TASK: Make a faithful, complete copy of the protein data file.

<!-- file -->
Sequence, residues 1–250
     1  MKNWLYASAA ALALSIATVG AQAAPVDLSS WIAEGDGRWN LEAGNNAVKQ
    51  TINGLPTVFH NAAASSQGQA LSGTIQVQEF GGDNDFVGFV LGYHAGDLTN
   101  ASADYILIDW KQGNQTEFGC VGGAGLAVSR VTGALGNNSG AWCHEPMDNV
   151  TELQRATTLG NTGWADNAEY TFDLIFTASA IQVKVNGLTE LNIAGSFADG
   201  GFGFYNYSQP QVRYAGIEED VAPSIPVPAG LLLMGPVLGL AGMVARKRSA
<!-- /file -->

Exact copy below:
Sequence, residues 1–250
     1  MKNWLYASAA ALALSIATVG AQAAPVDLSS WIAEGDGRWN LEAGNNAVKQ
    51  TINGLPTVFH NAAASSQGQA LSGTIQVQEF GGDNDFVGFV LGYHAGDLTN
   101  ASADYILIDW KQGNQTEFGC VGGAGLAVSR VTGALGNNSG AWCHEPMDNV
   151  TELQRATTLG NTGWADNAEY TFDLIFTASA IQVKVNGLTE LNIAGSFADG
   201  GFGFYNYSQP QVRYAGIEED VAPSIPVPAG LLLMGPVLGL AGMVARKRSA